A prime example of this can be seen in Lee Daniels hit show EMPIRE. In EMPIRE, Andre Lyon, played by Trai Byers, suffers from mental illness, a disease which appears to have been passed down from his Grandmother. Over the past two seasons we have seen how both his parents, Lucius and Cookie Lyon, have struggled accepting and addressing the disease. As a result, Andre shuts down and battles with it primarily in silence. Unfortunately for many Black men unlike EMPIRE, mental illness is not entertainment, it’s a reality.

Lack of Trust


Shakir Stewart, Def Jam Executive

Issues of trust are typically associated with women who have been on the receiving end of hurt or abuse from a failed relationship or friendship. What society does not recognize is that men have trust issues also, and with those issues come just as much, if not even more emotional baggage. As men we are taught to wear the mask. We experience the same pain and distress from troubled life experiences as anyone else, however we are made to feel that we can’t show it, many times for fear of judgment and being ostracized. This fear does not discriminate and effects Black men from all walks of life, even those who are the most successful and on the surface look like they have it all together. There is no better example of this then Def Jam Vice President Shakir Stewart, who in 2008 shocked the music industry when he took his own life. In a statement from his fiancée after his death, she reported that he was in “deep pain and largely suffering in silence.” Just like so many Black men, Stewart failed to share his feelings and suffered alone.

As a Black man with my own fair share of trust issues, I know from experience the feeling that if I expose my feelings, then others might judge me and perceive as weak or a failure. Through my conversations with other Black men, I have come to the conclusion that this line of thinking is not uncommon and is often driven by race. Black men are taught early on that you have to be twice as good as the white man, twice as fast as the white man, two steps ahead of the white man and that failure is not an option. Instead of putting our hearts and our fears out in the open we choose to not to be vulnerable and opt to figure it out on our own.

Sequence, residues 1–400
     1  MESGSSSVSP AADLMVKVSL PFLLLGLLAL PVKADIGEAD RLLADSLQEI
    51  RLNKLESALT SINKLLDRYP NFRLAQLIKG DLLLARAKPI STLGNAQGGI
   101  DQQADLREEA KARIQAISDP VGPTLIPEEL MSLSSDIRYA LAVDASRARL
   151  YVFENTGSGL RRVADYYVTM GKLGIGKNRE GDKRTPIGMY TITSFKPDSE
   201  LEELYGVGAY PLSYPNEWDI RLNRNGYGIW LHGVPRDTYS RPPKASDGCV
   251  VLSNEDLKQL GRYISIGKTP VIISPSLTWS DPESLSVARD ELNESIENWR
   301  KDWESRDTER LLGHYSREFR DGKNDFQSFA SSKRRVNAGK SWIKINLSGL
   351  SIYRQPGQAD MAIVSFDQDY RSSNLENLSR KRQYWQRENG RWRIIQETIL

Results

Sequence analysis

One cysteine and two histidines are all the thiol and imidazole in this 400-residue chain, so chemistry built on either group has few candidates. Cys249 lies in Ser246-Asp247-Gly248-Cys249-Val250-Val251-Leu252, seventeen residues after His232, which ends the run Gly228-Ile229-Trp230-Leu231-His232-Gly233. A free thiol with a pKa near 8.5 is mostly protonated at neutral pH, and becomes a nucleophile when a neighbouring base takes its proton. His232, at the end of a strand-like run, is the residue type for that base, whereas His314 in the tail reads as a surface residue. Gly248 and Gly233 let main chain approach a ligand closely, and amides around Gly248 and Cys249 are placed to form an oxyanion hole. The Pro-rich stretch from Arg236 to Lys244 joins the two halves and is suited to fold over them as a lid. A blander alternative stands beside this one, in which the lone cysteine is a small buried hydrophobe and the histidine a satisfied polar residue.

Limited or Uknown Resources

Black women have any number of resources they can turn to in order to express their issues and or learn how to better cope with them. Whether it’s flipping through the pages of ESSENCE magazine or relying on a small sister circle of friends. There are any number of resources designed to help women and children address these issues head-on. These same options don’t exist or a largely unknown for men, more specifically Black men. Our Black churches attempt to address men’s issues through small ministry groups, however even in church, the number of women that attend is disproportionate to men and often this support is seen as unattractive. Sure, there are any number of professional counseling options available. However these are also deemed as unattractive, because of the stigma of mental health and wellness within the Black community.

In order to effectively change the disposition of Black men and get more of us to seek help for our issues. It’s going to take individuals like Kid Cutti to admit “I don’t have it all together” and “I need help.” Just like Colin Kaepernick and his stance in support of Black Lives Matter, all it takes is for one voice to make a difference and the rest will follow. Hopefully other Black men will follow the example that Cutti displayed yesterday and when asked the question #YouGoodMan they’ll give an honest answer.